CSS Bargaining

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Collective bargaining resumed between the nine-union Community Social Services Bargaining Association (CSSBA) and the provincial Community Social Services Employers’ Association (CSSEA) this past week to negotiate a new contract for 17,000 unionized workers in the sector.

However, on Monday, talks were suspended after the latest proposal put forward by the employers’ association failed to meet the needs identified by workers in the sector.

Members have been clear about their priorities and what they want representatives at the bargaining table to bring forward. These priorities include a fair and equitable compensation package that will help lighten the pressure of rising costs, meaningful recognition of rights for Indigenous workers and the ability to address members’ own health needs, including mental health supports.

Community social services sector workers support some of the most vulnerable members of our society. The bargaining committee is working hard to bring us all a contract that will take care of us as workers, and that enables us to provide quality care for the people that we support in our work.

As we are negotiating, the global health pandemic is entering its third year and your workplaces are critically short-staffed. During the pandemic, many members were required to remain at work. Now we are pushing for them to be considered as important at the bargaining table too.

Unfortunately, we are still not there. This past week, our discussions have been challenging and we are still not reaching an agreement on some of the most fundamental priorities that we believe will make the difference for members.

We are working towards true reconciliation which means that all Indigenous workers are respected, and their cultural needs are valued. We are seeking improvements that recognize the cultural capacity and competency that is required to support Indigenous families when working in Indigenous agencies. These improvements should reflect the value our members bring to communities. Government has expressed a strong commitment to reconciliation, and we believe this commitment should also be reflected in your Collective Agreement.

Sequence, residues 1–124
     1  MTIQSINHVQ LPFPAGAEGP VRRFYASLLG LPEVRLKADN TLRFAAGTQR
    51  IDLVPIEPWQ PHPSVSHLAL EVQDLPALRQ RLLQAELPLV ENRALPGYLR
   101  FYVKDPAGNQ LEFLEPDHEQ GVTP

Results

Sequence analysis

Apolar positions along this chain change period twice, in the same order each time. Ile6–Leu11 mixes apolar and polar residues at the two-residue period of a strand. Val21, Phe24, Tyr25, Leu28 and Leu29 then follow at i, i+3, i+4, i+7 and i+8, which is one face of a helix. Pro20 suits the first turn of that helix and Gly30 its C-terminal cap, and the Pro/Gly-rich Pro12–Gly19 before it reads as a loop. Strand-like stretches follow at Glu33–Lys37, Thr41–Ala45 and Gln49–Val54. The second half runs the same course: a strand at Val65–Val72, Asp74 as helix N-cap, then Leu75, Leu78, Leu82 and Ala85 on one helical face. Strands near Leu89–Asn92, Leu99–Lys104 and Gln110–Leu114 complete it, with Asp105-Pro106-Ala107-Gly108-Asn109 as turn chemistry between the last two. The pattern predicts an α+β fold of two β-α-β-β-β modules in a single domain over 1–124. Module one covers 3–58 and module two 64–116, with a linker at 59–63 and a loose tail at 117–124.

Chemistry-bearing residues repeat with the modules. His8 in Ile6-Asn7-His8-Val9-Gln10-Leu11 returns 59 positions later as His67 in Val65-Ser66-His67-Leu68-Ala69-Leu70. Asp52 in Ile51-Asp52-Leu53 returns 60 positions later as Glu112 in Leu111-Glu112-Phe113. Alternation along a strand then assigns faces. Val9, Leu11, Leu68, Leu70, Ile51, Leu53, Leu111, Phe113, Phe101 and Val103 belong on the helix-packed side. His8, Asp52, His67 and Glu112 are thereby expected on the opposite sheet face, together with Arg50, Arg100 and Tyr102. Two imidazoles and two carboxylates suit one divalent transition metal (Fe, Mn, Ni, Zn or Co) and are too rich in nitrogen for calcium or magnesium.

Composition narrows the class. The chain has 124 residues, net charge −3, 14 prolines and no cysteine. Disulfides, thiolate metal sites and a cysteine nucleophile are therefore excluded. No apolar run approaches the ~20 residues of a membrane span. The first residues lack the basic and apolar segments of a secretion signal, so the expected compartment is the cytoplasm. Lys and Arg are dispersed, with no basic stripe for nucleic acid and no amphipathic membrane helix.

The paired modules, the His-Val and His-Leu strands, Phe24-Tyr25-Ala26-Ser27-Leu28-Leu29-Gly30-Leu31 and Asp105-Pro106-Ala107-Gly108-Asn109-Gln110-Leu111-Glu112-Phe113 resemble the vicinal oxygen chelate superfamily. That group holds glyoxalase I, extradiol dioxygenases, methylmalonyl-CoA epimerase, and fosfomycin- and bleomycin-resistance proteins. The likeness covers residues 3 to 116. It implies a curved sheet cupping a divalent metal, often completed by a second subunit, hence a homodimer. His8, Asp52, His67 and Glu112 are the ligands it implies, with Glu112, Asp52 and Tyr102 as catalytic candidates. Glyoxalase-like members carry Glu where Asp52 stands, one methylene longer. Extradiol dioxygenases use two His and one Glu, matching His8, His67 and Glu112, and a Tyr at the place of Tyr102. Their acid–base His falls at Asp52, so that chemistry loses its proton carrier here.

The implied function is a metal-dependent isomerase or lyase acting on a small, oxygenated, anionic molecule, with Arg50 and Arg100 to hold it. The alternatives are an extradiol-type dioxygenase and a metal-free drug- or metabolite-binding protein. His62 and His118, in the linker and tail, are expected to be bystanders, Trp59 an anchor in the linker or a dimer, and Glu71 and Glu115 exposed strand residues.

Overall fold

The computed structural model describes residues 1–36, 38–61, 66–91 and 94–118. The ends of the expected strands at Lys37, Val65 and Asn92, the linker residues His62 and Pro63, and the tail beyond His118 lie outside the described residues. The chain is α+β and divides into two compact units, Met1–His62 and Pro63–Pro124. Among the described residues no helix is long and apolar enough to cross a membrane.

We are not prepared to bring an agreement back to members that does not value our work and addresses our basic needs and priorities. We are working towards an agreement that not only puts more money in members’ pockets but enables you to take care of your health and have a safe workplace.

We are still fighting for a compensation package that protects against rising costs and addresses a root problem in our sector: recruitment and retention. If our communities are going to keep the skills and experience we already have in our sector and recruit the next generation, we need a compensation package that is attractive and competitive.

The employers’ association have different ideas to address the systemic issues in the sector.  But we have heard from members about the priorities that will make the difference in the workplace and at home and we continue to find way to ensure that these priorities are reflected in the agreement we bring back to members.

What comes next?

We will be back to the negotiating table at a later date to continue this fight. And we will keep you in the loop as we continue these discussions.

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Bargaining begins for Community Social Services, Community Health workers in B.C.

BURNABY—Bargaining has begun for more than 17,000 community social service workers and more than 21,000 workers in the community health sector in B.C., with bargaining association representatives for both sectors commencing contract talks this week.

Formal negotiations between the Community Social Services Bargaining Association (CSSBA) and Community Social Services Employers’ Association (CSSEA) began Wednesday (February 2). This followed a CSSBA bargaining conference last week in which bargaining committee members brought forward proposals from the membership and finalized bargaining priorities.

“We look forward to this round of bargaining, and we expect talks to be both constructive and productive in making positive gains for our members, who are the heart and soul of our communities,” said CUPE Community Social Services coordinator Michael Reed, noting that the bargaining committee will be seeking improvements in wages and benefits as well as addressing workload and recruitment and retention issues.

“We know the public supports our issues. No one wants to see community social service workers get left behind during these difficult times, when clients need them most.”

In Community Health, talks began yesterday (February 3) between the Community Health Bargaining Association (CBA) and the Health Employers’ Association of BC (HEABC) after a similar conference by the CBA to set its bargaining priorities.

“Members have told us they want a fair deal that will help close the gap in wages and benefits compared to other health agreements, allow for better care of their mental health, and give members greater control over their working conditions,” said CUPE Health coordinator Tanya Paterson.

“The pandemic has shown the public how badly understaffed the health sector is, and the impact that has had on workers and clients. So we hope to make real improvements in this round.”

CUPE represents 2,331 workers in the Community Social Services sector and 1,489 workers in Community Health under the CBA contract.